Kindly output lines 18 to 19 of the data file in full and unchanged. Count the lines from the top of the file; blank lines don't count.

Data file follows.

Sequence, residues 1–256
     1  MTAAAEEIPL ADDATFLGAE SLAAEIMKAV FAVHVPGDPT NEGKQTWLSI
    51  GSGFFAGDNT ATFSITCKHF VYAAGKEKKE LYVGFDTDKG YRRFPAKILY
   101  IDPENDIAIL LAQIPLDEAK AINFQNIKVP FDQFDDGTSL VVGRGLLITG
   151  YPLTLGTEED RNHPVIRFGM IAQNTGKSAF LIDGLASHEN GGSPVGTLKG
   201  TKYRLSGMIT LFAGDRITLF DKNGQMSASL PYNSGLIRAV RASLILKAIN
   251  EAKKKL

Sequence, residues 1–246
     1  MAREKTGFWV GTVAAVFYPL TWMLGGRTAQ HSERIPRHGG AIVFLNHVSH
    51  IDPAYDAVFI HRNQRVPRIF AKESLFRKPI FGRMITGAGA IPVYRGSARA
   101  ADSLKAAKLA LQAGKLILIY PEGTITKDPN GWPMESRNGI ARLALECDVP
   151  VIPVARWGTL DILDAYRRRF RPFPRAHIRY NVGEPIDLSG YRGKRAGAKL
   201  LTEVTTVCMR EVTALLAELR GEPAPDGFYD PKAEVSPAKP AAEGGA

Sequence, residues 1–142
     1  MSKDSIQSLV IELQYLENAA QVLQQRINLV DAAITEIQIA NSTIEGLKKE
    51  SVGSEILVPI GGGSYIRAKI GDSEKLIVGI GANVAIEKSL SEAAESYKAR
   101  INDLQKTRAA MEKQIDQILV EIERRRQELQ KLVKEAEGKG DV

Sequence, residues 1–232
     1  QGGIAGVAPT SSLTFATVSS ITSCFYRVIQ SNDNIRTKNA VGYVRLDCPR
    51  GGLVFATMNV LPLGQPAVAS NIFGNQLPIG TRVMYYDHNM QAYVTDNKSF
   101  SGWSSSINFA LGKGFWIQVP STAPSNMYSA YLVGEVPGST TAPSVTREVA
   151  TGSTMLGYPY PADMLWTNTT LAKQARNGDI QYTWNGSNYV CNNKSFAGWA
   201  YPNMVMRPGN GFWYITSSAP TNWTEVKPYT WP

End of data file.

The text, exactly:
Sequence, residues 1–232
     1  QGGIAGVAPT SSLTFATVSS ITSCFYRVIQ SNDNIRTKNA VGYVRLDCPR